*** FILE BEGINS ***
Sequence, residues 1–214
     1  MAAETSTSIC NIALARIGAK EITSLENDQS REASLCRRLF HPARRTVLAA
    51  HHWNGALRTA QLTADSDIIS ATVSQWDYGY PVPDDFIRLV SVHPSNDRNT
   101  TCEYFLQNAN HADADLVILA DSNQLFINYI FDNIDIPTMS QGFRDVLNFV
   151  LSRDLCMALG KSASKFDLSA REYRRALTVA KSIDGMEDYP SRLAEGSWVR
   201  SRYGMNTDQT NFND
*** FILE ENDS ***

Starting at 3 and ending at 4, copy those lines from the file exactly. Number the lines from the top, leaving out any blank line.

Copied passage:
    51  HHWNGALRTA QLTADSDIIS ATVSQWDYGY PVPDDFIRLV SVHPSNDRNT
   101  TCEYFLQNAN HADADLVILA DSNQLFINYI FDNIDIPTMS QGFRDVLNFV